|Publication number||US5038833 A|
|Application number||US 07/065,082|
|Publication date||Aug 13, 1991|
|Filing date||Jun 19, 1987|
|Priority date||Mar 22, 1985|
|Also published as||DE3510395A1, DE3510395C2|
|Publication number||065082, 07065082, US 5038833 A, US 5038833A, US-A-5038833, US5038833 A, US5038833A|
|Original Assignee||Technoform Caprano+Brunnhofer Kg|
|Export Citation||BiBTeX, EndNote, RefMan|
|Patent Citations (12), Referenced by (107), Classifications (16), Legal Events (4)|
|External Links: USPTO, USPTO Assignment, Espacenet|
This is a continuation of application Ser. No. 842,545, filed on Mar. 21, 1986, now abandoned.
My present invention relates to a fuel line, especially a fixed-length fuel line for installation in an automotive vehicle and, more specifically, to a fuel line of the type in which a tube is extrusion-pressed from a synthetic resin with a polyamide wall.
Fuel lines composed of synthetic resin have been produced heretofore by extrusion-pressing for conducting normal gasoline or high-test or supergasoline from the gasoline tank or reservoir of the vehicle to an internal combustion engine.
Such lines, which generally have lengths of at least several meters, must be provided with narrow tolerances for both the installation of the line in the vehicle and for the proper functioning thereof. Furthermore, it is important, once the line has been installed, that it not change materially in length during operation, either by shrinkage or elongation or as a result of the stresses to which the line may be subject in use. Shrinkage once the ends of the line are fixed, for example, can result in breakage. Elongation can cause bowing of the line where such bowing may be hazardous to continued operation because it may bring the line into proximity of a dangerous condition or result in kinking.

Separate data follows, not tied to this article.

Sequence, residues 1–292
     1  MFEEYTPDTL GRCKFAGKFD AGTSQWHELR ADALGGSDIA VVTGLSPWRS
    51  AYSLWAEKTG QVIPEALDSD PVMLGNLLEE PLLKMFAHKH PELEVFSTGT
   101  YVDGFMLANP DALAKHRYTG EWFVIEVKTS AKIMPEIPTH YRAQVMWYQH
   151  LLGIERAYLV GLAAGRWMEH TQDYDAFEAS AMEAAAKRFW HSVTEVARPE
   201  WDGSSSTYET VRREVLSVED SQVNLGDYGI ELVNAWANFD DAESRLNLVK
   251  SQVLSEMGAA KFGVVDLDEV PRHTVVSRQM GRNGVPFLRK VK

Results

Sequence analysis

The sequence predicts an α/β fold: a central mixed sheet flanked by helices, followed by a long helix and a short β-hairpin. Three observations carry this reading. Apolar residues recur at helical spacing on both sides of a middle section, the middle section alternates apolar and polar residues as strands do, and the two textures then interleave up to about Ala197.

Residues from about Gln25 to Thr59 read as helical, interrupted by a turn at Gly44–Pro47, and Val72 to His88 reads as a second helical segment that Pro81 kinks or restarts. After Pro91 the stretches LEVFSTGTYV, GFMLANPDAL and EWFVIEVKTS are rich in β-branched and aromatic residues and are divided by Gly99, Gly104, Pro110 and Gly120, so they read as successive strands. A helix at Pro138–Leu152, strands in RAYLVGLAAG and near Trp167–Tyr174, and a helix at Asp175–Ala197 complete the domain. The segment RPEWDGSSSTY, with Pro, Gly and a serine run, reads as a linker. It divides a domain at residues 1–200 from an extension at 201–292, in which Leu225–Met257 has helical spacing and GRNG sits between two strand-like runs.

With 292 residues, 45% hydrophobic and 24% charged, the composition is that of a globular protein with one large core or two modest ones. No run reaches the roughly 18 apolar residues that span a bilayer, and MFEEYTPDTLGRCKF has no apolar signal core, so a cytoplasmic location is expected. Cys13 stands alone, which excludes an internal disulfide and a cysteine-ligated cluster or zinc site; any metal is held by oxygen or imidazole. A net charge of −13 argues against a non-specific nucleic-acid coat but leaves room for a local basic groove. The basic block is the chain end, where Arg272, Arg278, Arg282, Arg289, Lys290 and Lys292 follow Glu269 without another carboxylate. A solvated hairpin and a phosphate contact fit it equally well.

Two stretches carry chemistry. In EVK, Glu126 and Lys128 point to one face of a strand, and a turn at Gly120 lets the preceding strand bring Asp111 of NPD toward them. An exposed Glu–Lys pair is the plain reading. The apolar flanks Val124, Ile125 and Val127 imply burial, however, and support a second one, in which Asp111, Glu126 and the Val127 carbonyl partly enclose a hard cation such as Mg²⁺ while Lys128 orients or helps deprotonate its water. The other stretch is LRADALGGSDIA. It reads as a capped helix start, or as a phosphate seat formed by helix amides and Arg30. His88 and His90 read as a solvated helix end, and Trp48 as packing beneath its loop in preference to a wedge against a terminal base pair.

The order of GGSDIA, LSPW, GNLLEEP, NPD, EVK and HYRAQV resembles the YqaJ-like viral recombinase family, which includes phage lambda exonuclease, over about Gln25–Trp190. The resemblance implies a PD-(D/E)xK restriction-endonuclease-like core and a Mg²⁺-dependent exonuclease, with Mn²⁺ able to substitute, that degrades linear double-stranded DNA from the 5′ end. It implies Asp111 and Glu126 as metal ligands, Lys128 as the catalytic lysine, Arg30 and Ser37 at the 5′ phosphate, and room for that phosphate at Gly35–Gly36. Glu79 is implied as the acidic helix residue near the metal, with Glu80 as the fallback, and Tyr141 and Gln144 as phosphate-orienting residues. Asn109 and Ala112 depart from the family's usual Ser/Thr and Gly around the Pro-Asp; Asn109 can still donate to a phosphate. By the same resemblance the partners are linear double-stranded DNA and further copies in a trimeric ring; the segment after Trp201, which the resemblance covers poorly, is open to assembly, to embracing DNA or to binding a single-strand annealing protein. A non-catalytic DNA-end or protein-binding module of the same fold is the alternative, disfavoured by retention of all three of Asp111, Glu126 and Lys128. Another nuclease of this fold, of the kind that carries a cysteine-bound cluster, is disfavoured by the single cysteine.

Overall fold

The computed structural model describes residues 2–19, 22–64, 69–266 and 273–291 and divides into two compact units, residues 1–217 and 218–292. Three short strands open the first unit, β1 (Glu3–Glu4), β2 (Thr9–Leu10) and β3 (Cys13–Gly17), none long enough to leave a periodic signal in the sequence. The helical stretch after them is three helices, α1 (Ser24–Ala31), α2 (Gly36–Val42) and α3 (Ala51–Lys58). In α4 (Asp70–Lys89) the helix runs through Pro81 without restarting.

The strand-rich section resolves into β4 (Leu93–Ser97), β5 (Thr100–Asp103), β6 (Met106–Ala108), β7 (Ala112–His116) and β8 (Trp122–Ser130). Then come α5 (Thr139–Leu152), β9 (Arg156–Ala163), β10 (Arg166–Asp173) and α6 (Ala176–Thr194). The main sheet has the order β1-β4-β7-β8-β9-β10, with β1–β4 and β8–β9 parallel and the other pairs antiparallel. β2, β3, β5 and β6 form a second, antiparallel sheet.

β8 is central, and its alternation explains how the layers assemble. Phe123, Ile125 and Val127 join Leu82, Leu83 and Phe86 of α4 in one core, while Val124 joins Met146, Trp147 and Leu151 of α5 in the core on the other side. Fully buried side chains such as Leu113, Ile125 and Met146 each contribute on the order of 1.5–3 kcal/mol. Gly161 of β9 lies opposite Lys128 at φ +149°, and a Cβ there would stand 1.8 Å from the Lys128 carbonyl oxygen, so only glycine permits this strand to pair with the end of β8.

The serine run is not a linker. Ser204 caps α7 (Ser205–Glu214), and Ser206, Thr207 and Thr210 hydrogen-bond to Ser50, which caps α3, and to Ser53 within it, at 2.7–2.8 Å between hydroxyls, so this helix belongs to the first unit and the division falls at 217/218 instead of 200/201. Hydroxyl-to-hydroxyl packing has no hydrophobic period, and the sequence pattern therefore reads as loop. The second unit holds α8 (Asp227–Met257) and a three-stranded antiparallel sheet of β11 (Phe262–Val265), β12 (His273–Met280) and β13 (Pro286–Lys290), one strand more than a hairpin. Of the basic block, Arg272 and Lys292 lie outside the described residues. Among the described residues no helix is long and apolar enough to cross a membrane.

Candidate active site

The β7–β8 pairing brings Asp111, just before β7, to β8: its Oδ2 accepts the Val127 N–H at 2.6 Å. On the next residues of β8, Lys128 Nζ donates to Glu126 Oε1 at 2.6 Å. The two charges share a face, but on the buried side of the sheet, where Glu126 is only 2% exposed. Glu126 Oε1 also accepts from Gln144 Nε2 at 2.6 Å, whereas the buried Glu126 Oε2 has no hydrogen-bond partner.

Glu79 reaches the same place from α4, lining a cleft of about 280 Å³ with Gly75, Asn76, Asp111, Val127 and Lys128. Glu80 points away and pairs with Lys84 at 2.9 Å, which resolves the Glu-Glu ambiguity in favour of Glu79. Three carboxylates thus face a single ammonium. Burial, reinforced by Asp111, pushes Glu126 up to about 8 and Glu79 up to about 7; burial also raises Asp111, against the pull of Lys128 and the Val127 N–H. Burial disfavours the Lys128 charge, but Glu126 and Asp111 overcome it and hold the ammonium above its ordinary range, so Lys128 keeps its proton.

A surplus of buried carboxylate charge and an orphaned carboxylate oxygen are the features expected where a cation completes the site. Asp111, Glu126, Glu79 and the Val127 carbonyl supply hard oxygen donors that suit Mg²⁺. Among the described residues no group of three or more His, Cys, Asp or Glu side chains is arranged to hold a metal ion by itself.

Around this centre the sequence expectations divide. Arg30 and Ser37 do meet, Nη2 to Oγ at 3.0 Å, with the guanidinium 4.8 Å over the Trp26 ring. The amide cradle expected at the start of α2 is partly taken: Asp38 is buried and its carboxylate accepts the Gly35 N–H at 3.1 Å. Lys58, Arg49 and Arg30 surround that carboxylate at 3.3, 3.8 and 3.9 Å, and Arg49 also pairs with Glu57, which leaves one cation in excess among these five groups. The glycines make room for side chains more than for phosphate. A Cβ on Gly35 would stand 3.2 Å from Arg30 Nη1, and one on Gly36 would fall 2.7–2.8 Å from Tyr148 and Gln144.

Not unsurprisingly, conventional fuel lines fullfil these requirements when they are used for ordinary gasoline or super-gasolines.
When, however, the fuel contains alcohol, i.e. is a gasohol, and especially when the alcohol is methanol, even the conventional gas lines which normally do not undergo length changes, are found to be subject to detrimental length changes such that the length may increase some 4 to 5% and some 10 to 20 cm in extreme cases.
Since conventional extruded synthetic resin tubes using polyamide walls in contact with the fuel cannot be employed because of these length changes, it has been customary for vehicles which were predominantly to be fueled by normal gasoline or supergasoline admixed with alcohol, to substitute metal fuel lines.
However, metal fuel lines are subject to corrosion by alcohol-containing fuel, internally as well as subject to external corrosion, the internal corrosion apparently being a result of the strong hygroscopic character of the alcohols so that it is practically impossible to ensure that the alcohol in the fuel will not carry along at least some water.
However, with the increasing need for replacement of lead-containing gasolines, and especially supergasolines with lead-free supergasoline, the need to admix alcohol with the gasoline for good antiknock properties are increased. These factors also apply to Diesel fuels in cases in which alcohol must be added thereto for various reasons.
Up to now, therefore, compromises were required with respect to the fuel lines used and the fuel employed.
It is the principal object of the present invention to provide a fixed-length fuel line for an automotive vehicle which can be utilized effectively for fuels containing alcohol and, of course, for fuels without alcohol, and which does not suffer detrimental length changes and which can be used effectively for long periods of time with even supergasolines containing 5% and more alcohol.
Another object of this invention is to provide a fuel line which overcomes the drawbacks outlined previously.